English

not defined

no text concepts found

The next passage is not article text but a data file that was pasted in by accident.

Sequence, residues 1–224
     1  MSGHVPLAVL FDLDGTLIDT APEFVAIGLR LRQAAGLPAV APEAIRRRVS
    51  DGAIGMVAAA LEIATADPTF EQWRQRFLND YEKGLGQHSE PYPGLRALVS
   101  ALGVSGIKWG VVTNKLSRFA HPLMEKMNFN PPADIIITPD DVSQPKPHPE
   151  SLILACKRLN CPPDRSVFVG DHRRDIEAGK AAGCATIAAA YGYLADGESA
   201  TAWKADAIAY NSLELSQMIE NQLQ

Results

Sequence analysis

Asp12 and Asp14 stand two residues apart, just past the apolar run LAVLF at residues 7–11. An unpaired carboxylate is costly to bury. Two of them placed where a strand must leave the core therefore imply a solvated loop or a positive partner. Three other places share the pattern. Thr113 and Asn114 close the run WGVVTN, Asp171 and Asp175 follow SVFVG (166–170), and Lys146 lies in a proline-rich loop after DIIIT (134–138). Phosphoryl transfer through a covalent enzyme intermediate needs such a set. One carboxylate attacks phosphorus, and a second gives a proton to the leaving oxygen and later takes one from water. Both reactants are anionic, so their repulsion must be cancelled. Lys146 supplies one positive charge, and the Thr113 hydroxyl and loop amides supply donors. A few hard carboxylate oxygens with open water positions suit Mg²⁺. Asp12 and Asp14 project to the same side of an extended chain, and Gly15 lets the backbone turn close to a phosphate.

ELEC 431 Class notes Resonant DC/DC Converters P.K. Jain Resonant converters are used to reduce/eliminate the switching losses. There are three basic types of the resonant DC/DC converters: 1. Series resonant converter 2. Parallel resonant converter 3. Series-Parallel resonant converter I. Series Resonant Converter: S1 S2 D1 + D2 Vi _ S4 S3 D4 is L C Dr1 N1: N2 + + vs _ vp _ + vsec _ ior Io Co RL + Vo _ Dr2 D3 Figure 1 One method of controlling the output voltage in resonant converters is to control the switching frequency of the full-bridge inverter. This method is called ‘variable frequency control’. In this type of control, the switching frequency (fs) controls the impedance of the resonant components connected between the inverter and the load. This in-turn controls the power flow from the input to the output and, therefore, the output voltage. The resonant components L and C have a fixed value of the resonant frequency ( f r 1 2 LC ). Depending upon the value of the frequency, the converter operates in the following three modes: 1. 2. 3. Below resonance mode (fs < fr) Above resonance mode (fs > fr) At resonance mode (fs = fr) In the below resonance mode, the switching frequency of the converter is lower than the resonant frequency. While in the above resonance mode, the switching frequency of the converter is higher than the resonant frequency. Obviously, at the resonance mode, both the frequencies are equal. The operating waveforms of the converter in these modes are given in Figure 2. In Figure 2, Vg,S1, Vg,S2, Vg,S3 and Vg,S4 represent the gate signal applied to switch S1, S2, S3 and S4 respectively. 1 ELEC 431 Class notes Resonant DC/DC Converters P.K. Jain Vg,S1 Vg,S3 t Vg,S2 Vg,S4 vs t Vi t is t vp t ior Io t Vo t Ts /2 Ts (a) Below resonance 2 current is leads voltage vs ELEC 431 Class notes Resonant DC/DC Converters P.K. Jain Vg,S1 Vg,S3 t Vg,S2 Vg,S4 vs t Vi t is t vp t ior Io t Vo t Ts /2 Ts (b) Above resonance 3 current is lags voltage vs ELEC 431 Class notes Resonant DC/DC Converters P.K. Jain Vg,S1 Vg,S3 t Vg,S2 Vg,S4 vs t Vi t is t current is in phase with voltage vs vp t ior Io t Vo t Ts /2 Ts (c) At resonance Figure 2 Analysis of the Series Converter Since a resonant circuit is connected between the inverter and the load, it can be assumed that the current harmonics in the series resonant circuit are very small. Therefore, we are going to consider the fundamental equivalent circuit only. Also, for the fundamental circuit, the rectifier load at the primary 4 ELEC 431 Class notes Resonant DC/DC Converters P.K. Jain of the transformer can be represented by an equivalent AC resistance Rac 8 RL . The equivalent 2 circuit of the converter of Figure 1 is given in Figure 3. jωsL is -j/ωsC + + vs1 _ vop _ Rac Zs Figure 3 Mathematical Analysis According to the Equivalent Circuit shown in Figure 3: Since vs is a square voltage waveform, the RMS value of the inverter voltage (vs) is represented by Vs1 as shown in (1): Vs1 2 2 Vi 0.9Vi ------------------------------------------------------ 1 Z s Rac j s L s C ------------------------------------------- (2) ------------------------------------------------------ (3) v s1 v s1 -----------------------------------------------------Zs Zs (4) Z s is (1) s L 1 s C 1 tan Rac Defining the following quantities: s 2f s operating angular switching frequency 5 [rad/s] ELEC 431 Class notes Resonant DC/DC Converters fs = operating switching frequency Q fr P.K. Jain [Hz] 2f r L 1 Quality factor Rac 2f r CRac 1 2 LC Resonant frequency [Hz] r 2f r Angular resonant frequency [rad/s] From equation (2): L 1 Z s Rac 1 j s R CR s ac ac L 1 Rac 1 j s r r r Rac s r CRac 1 Rac 1 j Q Q 1 Rac 1 jQ --------------------- (6) In equation (6), s Relative angular operating frequency r Since, Z s Z s 1/ 2 Hence → 2 1 Z s Rac 1 Q 2 ----------------------------------- (7) → 1 tan 1 Q ----------------------------------- (8) The inverter’s output current: 6 ELEC 431 Class notes Resonant DC/DC Converters is is P.K. Jain Vs1 Z s 0.9Vi 2 1 2 Rac 1 Q 1/ 2 ----------------------------------- (9) 1/ 2 ---------------------------------- (10) The magnitude of the output voltage vop is then vop is Rac vop 0.9Vi 2 1 Q 2 1 The output voltage of the converter can, therefore, be controlled by controlling the relative operating frequency ω or f. Figure 4 shows the output voltage control as a function of f. 7 ELEC 431 Class notes Resonant DC/DC Converters P.K. Jain vop 0.9vi Small Q (a) output voltage High Q f= fr / fs Capacitive impedance Inductive impedance |Zs| ɸ (b) Impedance magnitude f= fr / fs 90° (c) Impedance angle 0 f= fr / fs -90° 1.0 Figure 4 The converter can operate in the following three modes: 1. f < 1: In this mode fs/fr < 1, and it is called “below resonance mode”. In this mode, the impedance seen by the inverter is capacitive. This causes a “leading” current with respect to the inverter output voltage vs. With the leading current, the inverter operates with the zero current switching (ZCS). 2. f = 1: In this mode fs/fr = 1, and it is called “At resonance mode”. In this mode, the impedance seen by the inverter is resistive. Both the inductive and capacitive impedances cancel each other. The output current ‘or’ voltage of the converter is maximum. The inverter output current is in phase with the voltage. With this the inverter operates with ZCS. 3. f > 1: In this mode fs/fr > 1, and it is called “above resonance mode”. 8 ELEC 431 Class notes Resonant DC/DC Converters P.K. Jain In this mode, the impedance seen by the inverter is inductive. This causes a “lagging” current with respect to the inverter output voltage vs. With the lagging current, the inverter operates with the zero voltage switching (ZVS). From Figure 4(a), it is clear that the maximum output voltage, therefore, the maximum power is obtained at the resonance point. The output voltage can be controlled either by reducing the operating frequency or by increasing the operating frequency. The operation of the converter is, however, preferred by increasing the frequency because the converter operates with ZVS. ZVS is a better technique than ZCS because with ZVS, both the turn-on and turn-off losses can be effectively reduced. In ZCS, only the turn-off loss can be reduced. However, the ZCS technique is preferred with the switches that rely on the external circuits to commutate. One example of such a switch is the “thyristor or SCR”. Advantages of the Series Resonant Circuit: The main advantage of the series resonant converter is its simplicity and its high efficiency from full-load to reduced-load. Disadvantages of the Series Resonant Circuit: The main drawback of the series resonant circuit is that it loses the output voltage control at very reduced loads and no loads. 9 ELEC 431 Class notes II. Resonant DC/DC Converters P.K. Jain Parallel Resonant Converter: S1 S2 D2 D1 + Vi _ L is C vs _ S3 D4 ior Lo io + vsec _ + + S4 Dr1 N1: N2 vp _ Co RL + Vo _ Dr2 D3 Figure 5 Advantage: No-load to full-load possible Disadvantage: Low efficiency at reduced loads III. Series-Parallel Resonant Converter: S1 S2 D1 + D2 Vi _ is L Cs + + S4 vs _ S3 D4 Cp Dr1 N1: N2 vp _ Figure 6 Advantage: No-load to full-load possible Disadvantage: Good efficiency from full-load to reduced-load 10 Lo Co + vsec _ Dr2 D3 ior io RL + Vo _